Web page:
Keeping Healthy Kids in School: How CDC’s New Guidance Will Help Maintain In-Person Learning
How CDC’s previous guidance may have forced healthy kids to stay home
Last February, the CDC issued guidance for how to reopen schools safely (we previously covered their guidance here). Integral to their plan was a call for frequent COVID testing, contact tracing, and isolation and quarantine of cases and close contacts. CDC recommended that students, teachers, and staff who might have been exposed to COVID-19 should quarantine, regardless of their test results, for between 7 and 14 days.1 Their guidance also recommended fully remote instruction for counties experiencing high transmission of COVID-19. Despite their best intentions to help schools open, if districts followed the CDC’s guidance, over 90% of them would not have been eligible to return to in-person instruction.
CDC has issued a few updates to address some of these issues, such as shorter or no quarantine for children who were vaccinated and masked, but they had not changed their guidance for quarantine and isolation of other close contacts until now. This recent shift in the CDC’s guidance for testing is a welcome one and is supported by several studies showing that children who are regularly tested for COVID-19 can stay in school in person with little risk of spreading infections to others.2,3
One of the largest studies of over 86 schools in the U.K. found that daily testing for close contacts instead of quarantine did not result in increased COVID-19 infections2 (Young 2021).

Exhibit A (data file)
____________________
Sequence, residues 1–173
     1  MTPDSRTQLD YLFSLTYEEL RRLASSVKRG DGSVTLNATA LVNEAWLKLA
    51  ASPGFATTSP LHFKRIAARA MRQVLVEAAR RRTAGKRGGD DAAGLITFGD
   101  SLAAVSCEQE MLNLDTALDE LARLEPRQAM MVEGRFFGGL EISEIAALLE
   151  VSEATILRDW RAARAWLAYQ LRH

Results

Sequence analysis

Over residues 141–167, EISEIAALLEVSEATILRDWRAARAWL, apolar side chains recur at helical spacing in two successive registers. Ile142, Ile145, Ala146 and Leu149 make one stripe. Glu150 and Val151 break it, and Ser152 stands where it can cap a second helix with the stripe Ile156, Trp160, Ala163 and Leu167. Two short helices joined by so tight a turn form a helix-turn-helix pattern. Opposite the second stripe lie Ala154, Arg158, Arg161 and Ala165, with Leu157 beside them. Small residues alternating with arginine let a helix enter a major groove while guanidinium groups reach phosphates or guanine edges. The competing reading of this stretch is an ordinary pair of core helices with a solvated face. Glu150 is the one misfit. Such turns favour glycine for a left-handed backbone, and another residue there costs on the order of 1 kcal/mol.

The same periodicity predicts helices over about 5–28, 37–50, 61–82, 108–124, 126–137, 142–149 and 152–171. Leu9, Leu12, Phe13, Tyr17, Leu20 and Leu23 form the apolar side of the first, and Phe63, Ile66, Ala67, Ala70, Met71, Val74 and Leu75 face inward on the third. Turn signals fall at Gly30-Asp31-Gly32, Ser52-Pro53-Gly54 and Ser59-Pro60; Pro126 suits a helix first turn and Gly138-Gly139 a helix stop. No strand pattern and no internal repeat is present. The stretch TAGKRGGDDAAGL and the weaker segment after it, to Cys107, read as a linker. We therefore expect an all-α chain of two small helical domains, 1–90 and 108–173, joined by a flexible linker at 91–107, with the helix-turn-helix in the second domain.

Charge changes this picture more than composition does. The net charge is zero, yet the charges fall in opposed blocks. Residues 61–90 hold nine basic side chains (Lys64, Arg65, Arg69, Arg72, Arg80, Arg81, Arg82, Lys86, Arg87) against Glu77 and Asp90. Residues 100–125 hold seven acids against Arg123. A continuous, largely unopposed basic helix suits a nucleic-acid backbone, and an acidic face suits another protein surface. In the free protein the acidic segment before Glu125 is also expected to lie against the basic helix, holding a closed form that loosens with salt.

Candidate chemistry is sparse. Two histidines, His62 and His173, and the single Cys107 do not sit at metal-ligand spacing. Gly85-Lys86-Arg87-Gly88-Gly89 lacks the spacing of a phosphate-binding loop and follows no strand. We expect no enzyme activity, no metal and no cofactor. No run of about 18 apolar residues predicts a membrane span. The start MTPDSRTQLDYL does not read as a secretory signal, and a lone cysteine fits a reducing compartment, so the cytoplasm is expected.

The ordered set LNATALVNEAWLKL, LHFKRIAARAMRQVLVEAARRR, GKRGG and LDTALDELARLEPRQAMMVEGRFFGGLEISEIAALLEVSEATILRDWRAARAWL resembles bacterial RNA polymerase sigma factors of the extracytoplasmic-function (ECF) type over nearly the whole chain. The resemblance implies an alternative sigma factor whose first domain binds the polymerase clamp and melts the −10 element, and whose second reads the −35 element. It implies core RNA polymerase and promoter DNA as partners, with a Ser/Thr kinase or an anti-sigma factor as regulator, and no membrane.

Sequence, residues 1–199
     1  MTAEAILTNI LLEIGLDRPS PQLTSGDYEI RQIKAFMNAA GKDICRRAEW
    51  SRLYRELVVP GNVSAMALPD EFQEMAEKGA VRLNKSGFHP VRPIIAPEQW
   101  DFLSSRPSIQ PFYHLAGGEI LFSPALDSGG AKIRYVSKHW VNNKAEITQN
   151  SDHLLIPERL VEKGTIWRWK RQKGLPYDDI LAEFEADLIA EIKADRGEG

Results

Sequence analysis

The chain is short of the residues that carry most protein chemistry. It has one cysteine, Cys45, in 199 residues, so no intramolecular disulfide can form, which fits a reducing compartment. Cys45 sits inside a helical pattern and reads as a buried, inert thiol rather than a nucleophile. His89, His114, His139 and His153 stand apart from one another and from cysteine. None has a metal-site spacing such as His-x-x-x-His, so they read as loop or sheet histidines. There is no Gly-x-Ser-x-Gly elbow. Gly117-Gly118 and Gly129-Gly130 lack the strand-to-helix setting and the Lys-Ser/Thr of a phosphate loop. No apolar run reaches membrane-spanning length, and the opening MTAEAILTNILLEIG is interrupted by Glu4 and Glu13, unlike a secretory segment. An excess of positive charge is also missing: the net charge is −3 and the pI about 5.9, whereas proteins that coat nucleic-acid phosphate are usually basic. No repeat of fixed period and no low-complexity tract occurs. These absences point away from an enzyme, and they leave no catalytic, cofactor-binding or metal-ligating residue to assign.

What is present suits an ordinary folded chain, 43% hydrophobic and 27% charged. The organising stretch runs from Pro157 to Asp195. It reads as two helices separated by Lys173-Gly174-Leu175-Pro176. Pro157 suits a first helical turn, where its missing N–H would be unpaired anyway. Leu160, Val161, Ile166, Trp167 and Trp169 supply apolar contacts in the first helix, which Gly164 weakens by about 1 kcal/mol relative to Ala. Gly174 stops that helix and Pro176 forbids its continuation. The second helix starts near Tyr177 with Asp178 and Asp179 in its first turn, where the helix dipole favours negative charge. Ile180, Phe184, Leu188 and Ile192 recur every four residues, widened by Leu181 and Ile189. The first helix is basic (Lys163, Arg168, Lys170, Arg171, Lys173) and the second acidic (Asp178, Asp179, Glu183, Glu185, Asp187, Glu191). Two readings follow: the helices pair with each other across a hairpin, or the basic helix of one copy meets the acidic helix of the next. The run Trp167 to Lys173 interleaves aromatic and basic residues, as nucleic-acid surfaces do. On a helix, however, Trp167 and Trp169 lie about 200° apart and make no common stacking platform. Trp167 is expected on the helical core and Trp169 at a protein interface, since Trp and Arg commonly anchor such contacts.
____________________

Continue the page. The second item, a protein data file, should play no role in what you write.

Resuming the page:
“Test to Stay” and reduced isolation recommendations will help keep children in school
“Test to Stay” is a strategy that combines contact tracing and testing at defined intervals (usually day 2 and day 5 after contact with an infected person) to allow students to continue in-person learning. What this means is that students who were close contacts of a person who tested positive for COVID-19 may continue in-person learning if they test negative during the 5-day period following their exposure. Previously, a close contact would have had to stay home and quarantine, regardless of their test results, forcing many healthy children to stay home.
In addition to the new testing strategy, CDC also updated their guidance on quarantine and isolation periods, which has reduced the quarantine period from 10 days to 5 days.4
Altogether, CDC’s updated guidance for operating schools safely during the COVID-19 pandemic includes the following strategies:5
- Promoting vaccination: Vaccination is the most critical strategy to help schools safely resume operations. Schools are encouraged to provide information about COVID-19 vaccination to families and teachers. Recently, vaccines have been approved for children aged 5 and older.
- Consistent and correct use of masks: Universal indoor masking is recommended for all individuals aged 2 and older, regardless of vaccination status.
- Physical distancing: If students are wearing masks or implementing other prevention policies, 3 feet of distance between students is recommended.
- Screening testing: Testing people who do not have symptoms can prevent asymptomatic transmission. Schools may consider many testing strategies. For example, testing 10% of students, or pooled testing of cohorts of students.
- Ventilation: Improving ventilation can reduce the number of virus particles in the air. Schools can access government funds to improve their ventilation if they need financial assistance. To learn more, visit here.
- Handwashing and respiratory etiquette: Children should learn how to wash their hands properly and cover coughs and sneezes.